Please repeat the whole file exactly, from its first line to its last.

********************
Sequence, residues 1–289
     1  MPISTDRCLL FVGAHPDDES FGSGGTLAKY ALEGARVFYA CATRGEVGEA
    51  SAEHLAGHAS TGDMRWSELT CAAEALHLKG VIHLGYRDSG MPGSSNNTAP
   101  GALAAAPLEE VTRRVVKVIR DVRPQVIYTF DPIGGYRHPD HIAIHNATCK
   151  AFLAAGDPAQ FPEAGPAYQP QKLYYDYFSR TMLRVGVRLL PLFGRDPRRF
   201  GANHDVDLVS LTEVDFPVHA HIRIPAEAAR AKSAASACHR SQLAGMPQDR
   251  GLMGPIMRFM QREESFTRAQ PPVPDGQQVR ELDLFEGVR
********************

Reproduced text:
Sequence, residues 1–289
     1  MPISTDRCLL FVGAHPDDES FGSGGTLAKY ALEGARVFYA CATRGEVGEA
    51  SAEHLAGHAS TGDMRWSELT CAAEALHLKG VIHLGYRDSG MPGSSNNTAP
   101  GALAAAPLEE VTRRVVKVIR DVRPQVIYTF DPIGGYRHPD HIAIHNATCK
   151  AFLAAGDPAQ FPEAGPAYQP QKLYYDYFSR TMLRVGVRLL PLFGRDPRRF
   201  GANHDVDLVS LTEVDFPVHA HIRIPAEAAR AKSAASACHR SQLAGMPQDR
   251  GLMGPIMRFM QREESFTRAQ PPVPDGQQVR ELDLFEGVR